Real Estate Transfers

It is appropriate to have a conversation with your lawyer about the risks and other options before adding a child to the deed to your home. We find that many people should not transfer ownership of their homes, but each case is different. We respect our clients’ rights to decide what is best for their own family situations. Consult with Attorney Gerhard so you can make an informed decision.

Although there are several important exceptions, Medicaid rules generally impose periods of ineligibility where a parent gifts his or her home to a child within the 5-year look-back period prior to an application for Medicaid long-term care benefits.

We are often asked about selling the house to a child for a dollar. A sale to the child for $1.00 is a sale for less than fair market value and is treated the same as a gift.

When contemplating such a transfer, thought should be given to how you might pay for long-term care if you require it within the 5-year look-back. If you need nursing home care before the five-year period elapses, you could have difficulty gaining admission to a nursing facility because the admissions coordinator will be concerned that you may not qualify for Medicaid if your funds run out.

Also, if you do enter a nursing home and are denied eligibility for Medicaid long-term care benefits, your children could be sued by the facility under Pennsylvania’s filial support laws for the unpaid nursing home bill – regardless of fault. An elder law attorney can provide guidance as you make a decision as to whether or not you should transfer ownership your home.

Exempt Transfers

Some real estate transfers are considered exempt and are not subject to the Medicaid transfer penalties. Attorney Gerhard can help determine whether an exemption applies to your situation.

For example, the transfer of your home to a disabled child is exempt. Likewise, the transfer of the real estate to a trust for the sole benefit of a disabled person is not subject to the Medicaid transfer penalty. Special care must be taken in these cases to accomplish the transfer in a manner that does not disqualify the disabled individual from their own means tested public benefits. Trusts are often used to preserve a disabled individual’s ongoing eligibility for public benefits.

The transfer of a home to a caregiver child is also an exempt transfer. The term caregiver child is a term of art under Medicaid laws. A caregiver childis one who lived in the home for the two years immediately prior to nursing home admission and who provided care that kept the parent out of a nursing home during that time. Public policy rewards this family care-giving by not imposing a transfer penalty.

Occasionally siblings live together in a house that they co-own. Transfers to a brother or sister can be exempt from the transfer penalty if the siblings lived in the home for at least one year prior.

To be clear, when a parent gives the home away to a child outright, the parent is losing some level of control over the property. The parent needs to be aware that the person receiving the real estate can lose the home through no fault of their own. A child can lose the house in a lawsuit, divorce, bankruptcy, or die and leave it to the beneficiaries of their own estate.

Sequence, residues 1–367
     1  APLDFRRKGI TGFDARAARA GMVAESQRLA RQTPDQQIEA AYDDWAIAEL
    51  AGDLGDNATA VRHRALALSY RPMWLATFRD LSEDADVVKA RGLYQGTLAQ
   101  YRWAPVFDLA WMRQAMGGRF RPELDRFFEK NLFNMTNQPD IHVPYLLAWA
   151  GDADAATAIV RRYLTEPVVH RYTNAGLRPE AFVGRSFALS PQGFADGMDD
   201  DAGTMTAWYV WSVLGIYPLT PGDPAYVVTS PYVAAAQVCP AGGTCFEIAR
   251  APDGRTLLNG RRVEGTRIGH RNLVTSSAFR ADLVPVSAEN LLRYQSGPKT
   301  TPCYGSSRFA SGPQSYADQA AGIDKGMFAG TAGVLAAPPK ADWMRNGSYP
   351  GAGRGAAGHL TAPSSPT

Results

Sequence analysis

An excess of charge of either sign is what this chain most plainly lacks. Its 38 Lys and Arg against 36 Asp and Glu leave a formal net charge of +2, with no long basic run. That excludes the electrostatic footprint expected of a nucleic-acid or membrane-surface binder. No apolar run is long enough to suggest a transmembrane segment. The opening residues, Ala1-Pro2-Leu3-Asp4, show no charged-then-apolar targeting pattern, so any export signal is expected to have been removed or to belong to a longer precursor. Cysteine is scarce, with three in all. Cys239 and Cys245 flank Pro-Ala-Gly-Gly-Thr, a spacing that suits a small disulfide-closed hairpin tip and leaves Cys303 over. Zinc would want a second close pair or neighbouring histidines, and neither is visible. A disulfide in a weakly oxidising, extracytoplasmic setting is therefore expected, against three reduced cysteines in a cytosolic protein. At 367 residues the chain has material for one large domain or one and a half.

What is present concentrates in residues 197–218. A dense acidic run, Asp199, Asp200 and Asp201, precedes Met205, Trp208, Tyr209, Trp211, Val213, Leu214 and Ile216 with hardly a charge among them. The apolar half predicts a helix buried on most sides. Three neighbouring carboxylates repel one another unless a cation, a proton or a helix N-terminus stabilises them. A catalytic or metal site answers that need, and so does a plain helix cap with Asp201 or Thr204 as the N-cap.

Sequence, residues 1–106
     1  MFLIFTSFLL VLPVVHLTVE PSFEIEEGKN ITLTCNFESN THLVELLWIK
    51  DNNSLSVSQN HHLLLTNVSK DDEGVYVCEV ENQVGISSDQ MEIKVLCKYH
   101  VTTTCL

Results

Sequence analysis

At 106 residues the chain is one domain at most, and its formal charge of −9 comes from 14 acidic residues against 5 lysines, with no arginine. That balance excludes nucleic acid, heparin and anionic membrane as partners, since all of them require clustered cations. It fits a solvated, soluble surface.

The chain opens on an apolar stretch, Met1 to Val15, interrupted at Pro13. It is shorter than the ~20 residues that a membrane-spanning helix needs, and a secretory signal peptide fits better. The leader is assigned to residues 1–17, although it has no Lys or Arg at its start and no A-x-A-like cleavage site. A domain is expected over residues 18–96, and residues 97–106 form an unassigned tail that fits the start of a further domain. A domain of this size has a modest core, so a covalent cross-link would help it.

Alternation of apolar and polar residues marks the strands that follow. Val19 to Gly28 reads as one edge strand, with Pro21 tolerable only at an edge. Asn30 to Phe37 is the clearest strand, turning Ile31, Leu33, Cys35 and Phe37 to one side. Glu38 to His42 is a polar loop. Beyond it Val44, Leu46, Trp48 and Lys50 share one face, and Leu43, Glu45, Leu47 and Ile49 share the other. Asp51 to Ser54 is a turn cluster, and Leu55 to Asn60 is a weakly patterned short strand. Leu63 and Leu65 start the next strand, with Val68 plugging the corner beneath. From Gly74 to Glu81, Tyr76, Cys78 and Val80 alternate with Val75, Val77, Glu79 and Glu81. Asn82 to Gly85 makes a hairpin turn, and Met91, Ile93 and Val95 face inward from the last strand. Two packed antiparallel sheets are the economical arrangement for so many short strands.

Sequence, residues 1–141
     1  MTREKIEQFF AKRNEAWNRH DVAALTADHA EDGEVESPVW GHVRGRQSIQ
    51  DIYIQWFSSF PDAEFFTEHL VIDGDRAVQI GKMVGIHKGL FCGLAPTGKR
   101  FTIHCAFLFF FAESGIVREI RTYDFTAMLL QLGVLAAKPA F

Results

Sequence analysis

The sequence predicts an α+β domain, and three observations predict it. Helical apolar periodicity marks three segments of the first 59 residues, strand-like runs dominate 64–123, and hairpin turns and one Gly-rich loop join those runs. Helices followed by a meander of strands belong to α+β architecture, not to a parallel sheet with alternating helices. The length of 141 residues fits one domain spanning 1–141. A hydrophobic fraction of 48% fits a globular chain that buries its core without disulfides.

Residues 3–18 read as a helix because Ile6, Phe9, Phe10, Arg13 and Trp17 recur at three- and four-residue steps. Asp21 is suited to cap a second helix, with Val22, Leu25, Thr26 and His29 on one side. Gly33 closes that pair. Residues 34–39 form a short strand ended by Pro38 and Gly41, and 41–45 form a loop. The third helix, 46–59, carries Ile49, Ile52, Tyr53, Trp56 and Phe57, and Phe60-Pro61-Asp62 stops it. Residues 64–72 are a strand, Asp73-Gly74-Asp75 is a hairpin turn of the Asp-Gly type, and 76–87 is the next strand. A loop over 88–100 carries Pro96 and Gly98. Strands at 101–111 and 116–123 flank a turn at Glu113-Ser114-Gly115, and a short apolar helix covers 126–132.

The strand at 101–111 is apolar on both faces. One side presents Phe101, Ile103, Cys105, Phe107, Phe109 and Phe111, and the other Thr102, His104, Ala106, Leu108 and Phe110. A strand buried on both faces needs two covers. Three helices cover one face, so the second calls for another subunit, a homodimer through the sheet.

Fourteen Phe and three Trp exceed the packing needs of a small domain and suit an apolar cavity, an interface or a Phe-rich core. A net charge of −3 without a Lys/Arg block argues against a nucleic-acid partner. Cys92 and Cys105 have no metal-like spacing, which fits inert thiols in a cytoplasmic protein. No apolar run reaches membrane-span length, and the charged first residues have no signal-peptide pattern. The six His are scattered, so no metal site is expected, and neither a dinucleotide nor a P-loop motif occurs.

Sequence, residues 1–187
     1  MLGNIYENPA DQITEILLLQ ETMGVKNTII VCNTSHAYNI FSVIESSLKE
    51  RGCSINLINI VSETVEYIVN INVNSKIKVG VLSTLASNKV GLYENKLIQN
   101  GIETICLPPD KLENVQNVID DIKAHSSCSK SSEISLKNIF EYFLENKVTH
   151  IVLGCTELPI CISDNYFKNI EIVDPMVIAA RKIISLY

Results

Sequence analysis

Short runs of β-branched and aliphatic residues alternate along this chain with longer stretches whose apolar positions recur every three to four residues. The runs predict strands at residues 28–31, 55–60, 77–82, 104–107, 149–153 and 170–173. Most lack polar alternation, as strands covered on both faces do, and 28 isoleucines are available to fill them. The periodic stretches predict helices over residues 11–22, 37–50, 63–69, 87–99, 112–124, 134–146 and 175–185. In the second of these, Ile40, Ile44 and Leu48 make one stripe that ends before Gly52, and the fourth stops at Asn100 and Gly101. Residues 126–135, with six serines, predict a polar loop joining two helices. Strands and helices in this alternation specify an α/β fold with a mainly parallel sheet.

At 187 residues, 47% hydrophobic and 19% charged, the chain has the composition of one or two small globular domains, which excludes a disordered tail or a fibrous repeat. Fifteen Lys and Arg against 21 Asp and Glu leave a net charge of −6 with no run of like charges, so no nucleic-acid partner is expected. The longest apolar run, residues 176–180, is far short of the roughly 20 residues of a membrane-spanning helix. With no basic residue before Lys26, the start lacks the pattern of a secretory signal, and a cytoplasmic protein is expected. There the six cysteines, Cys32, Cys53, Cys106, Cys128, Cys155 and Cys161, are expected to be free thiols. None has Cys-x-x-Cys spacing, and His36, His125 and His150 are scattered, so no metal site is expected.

Parents often consider giving away their homes to children due to a fear of loss to possible nursing home costs. However, risk of loss to a nursing home is just one risk. There are risks of loss when giving the home to the children.

Tax Considerations

There are tax matters to consider as well. If a child is added to the deed and the house is sold during the parent’s lifetime, then there can be capital gains tax consequences when the child someday sells the home. Although there can be some asset protection from nursing home costs, tax matters also need to be discussed.

One alternative to adding a child to the deed as a joint owner, or as an outright owner is to transfer the home by way of a life estate deed. The life estate deed does not eliminate all risks of loss, but with a life estate deed the parent is not giving up his or her right to live in the property during his or her lifetime. The parents retain the life estate and the children only own the remainder interest. The children do not own 100% of the home until after the parents die. Another approach can involve the transfer of the home to an irrevocable trust. Under current law these approaches avoid payback under the Medical Assistance Estate Recovery Program, and also enable the parent to continue paying the maintenance and taxes on the property without creating additional gifting issues that could jeopardize eligibility for Medicaid long-term care benefits.

Power of Attorney

Any of the above real estate transfers can only be accomplished of there is legal authority to do so. If the parent is mentally sharp, then the parent can of course knowingly make the transfer and sign the deed. If there is a valid power of attorney that specifically authorizes such gifting of real estate, then the agent under the power of attorney may accomplish the transfer. The third way to make an exempt transfer is to petition the court for guardianship, and ask the court for permission to make the exempt transfer. Without authority, the real estate cannot be transferred, even if it would be an exempt transfer under applicable Medicaid laws.

There is Pennsylvania case law that holds that a power of attorney that merely allows an agent to engage in real estate transactions does not convey the authority to make a gift of real estate. The power of attorney document can allow or prohibit such gifting, as may be appropriate for each client. Make sure you have the right language in your power of attorney for your own situation.